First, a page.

BT Group announces live television technology advance to meet growing client demand

BT Group has unveiled a pioneering new technology, designed to be a more dependable, quality- concentrated and sustainable way of delivering live content over the internet. Multicast- supported Unicast Delivery( MAUD) technology is aimed at perfecting bystander gests and adding the effectiveness of the complex trip that content takes to reach them. Major broadcasters, including the BBC, will be involved in assessing and potentially trialling the technology to support a range of live content.

Unlike traditional ‘ unicast ’ delivery, where each bystander watches the action via a devoted, particular internet sluice, MAUD technology uses’ multicast’ to group those single aqueducts into one participated one, directing it to those that want to watch the action. MAUD has a further significant advantage over’ ordinary’ multicast aqueducts, as its integration is made fully transparent to the player operation. This means happy service providers do not need to modify their client apps to take advantage of this technology- saving time and plutocrat.

Removing the need to elect and serve millions of individual aqueducts to observers mainly increases the effectiveness of content delivery, but also reduces environmental impact and overall costs for broadcasters, Content Delivery Networks( CDNs) and internet providers. MAUD technology uses up to 50 lower bandwidth during peak events, reducing energy operation through the use of smaller caches. By freeing up internet capacity, it’ll help to deliver a advanced quality of experience for both live andnon-live content.

Howard Watson, Chief Security and Networks Officer at BT Group said “ MAUD is a major advance in how we deliver content over the internet. Developed in our world leading labs at Adastral Park in Suffolk, MAUD could be a crucial result to how we manage ever adding business loads. By combining individual aqueducts, MAUD delivers a more dependable, harmonious picture, no matter whether guests are watching over Wi- Fi, fibre or mobile networks. ”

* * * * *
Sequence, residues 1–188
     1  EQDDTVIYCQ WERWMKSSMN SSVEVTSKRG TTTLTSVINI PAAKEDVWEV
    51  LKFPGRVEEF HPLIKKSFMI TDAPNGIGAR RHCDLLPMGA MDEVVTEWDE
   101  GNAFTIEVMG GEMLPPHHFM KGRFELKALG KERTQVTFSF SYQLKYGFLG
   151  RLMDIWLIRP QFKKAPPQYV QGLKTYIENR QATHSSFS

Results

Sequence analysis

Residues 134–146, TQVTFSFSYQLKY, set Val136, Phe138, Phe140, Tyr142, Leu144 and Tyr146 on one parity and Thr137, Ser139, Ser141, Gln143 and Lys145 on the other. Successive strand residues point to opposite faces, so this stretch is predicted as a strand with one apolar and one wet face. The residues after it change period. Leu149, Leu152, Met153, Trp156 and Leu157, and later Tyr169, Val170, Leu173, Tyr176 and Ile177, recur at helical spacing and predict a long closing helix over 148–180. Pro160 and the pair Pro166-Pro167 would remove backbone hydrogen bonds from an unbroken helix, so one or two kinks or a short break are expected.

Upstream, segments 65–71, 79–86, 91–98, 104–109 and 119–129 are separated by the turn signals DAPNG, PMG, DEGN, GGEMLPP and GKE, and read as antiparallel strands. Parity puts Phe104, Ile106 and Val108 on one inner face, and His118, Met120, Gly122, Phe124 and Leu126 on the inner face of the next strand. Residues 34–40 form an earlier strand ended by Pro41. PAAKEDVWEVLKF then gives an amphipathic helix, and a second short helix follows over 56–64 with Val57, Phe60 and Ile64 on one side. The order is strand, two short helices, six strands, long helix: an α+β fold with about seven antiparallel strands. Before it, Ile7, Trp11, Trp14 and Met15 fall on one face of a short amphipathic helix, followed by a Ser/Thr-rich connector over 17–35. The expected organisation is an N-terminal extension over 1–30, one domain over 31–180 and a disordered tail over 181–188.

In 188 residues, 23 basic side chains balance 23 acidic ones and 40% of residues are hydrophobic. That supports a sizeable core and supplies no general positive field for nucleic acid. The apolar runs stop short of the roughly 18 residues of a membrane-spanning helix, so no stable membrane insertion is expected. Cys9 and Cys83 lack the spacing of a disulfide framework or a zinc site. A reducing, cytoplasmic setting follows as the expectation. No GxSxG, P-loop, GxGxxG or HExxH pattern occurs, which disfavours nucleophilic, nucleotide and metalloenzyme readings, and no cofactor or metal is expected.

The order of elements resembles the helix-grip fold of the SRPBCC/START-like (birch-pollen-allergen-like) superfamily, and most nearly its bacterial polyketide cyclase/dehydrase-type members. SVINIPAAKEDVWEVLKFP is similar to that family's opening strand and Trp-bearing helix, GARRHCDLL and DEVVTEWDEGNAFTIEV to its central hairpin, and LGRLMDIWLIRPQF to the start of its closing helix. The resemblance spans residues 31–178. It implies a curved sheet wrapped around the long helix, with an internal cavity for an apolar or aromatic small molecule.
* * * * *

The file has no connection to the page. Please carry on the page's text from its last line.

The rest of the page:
Paolo Pescatore, Author at PP Foresight, said “ Whether it’s the Euros or Eurovision, gaming over Twitch or gigs from Glastonbury, data shows that cult still value the live experience indeed in the on- demand period. With live sports and events driving peak network demand to new heights, it’s great to see invention icing that high- quality, decoration live content can reach the widest possible cult across multiple types of device, and to be possible in an decreasingly environmentally sustainable manner. ”

The launch of MAUD comes as BT Group publishes new exploration that shows the UK public’s appetite for watching live content is undiminished, despite the growing fashionability of on- demand content services. A check into the viewing habits and precedences of the British public set up 90 still consume live content – primarily news and sport – via TV, with further than half doing so at least formerly a day.

Those watching also prioritise their viewing experience; despite new service inventions, further than 9 in 10 observers believe picture quality and trustability are consummate, excelling interactive features, commentary and sluice syncing by nearly3.5 to 1. When it came to sport, observers still favored picture quality and trustability over quiescence – the time it takes for the live action to reach thescreen.i

MAUD was developed by the Content Delivery Research platoon at BT’s Research Labs, grounded at Adastral Park in Suffolk. The thing was to produce a result for effective live streaming that was sensitive to the requirements of the colorful organisations in the content delivery path. The MAUD result was presented to broadcasters at the International Broadcasting Conference in Amsterdam before this time with multicast described by an Analysys Mason paper from September – produced for Ofcom – to be, in principle, the most ‘ technically effective technology for IP- delivery of live content ’.

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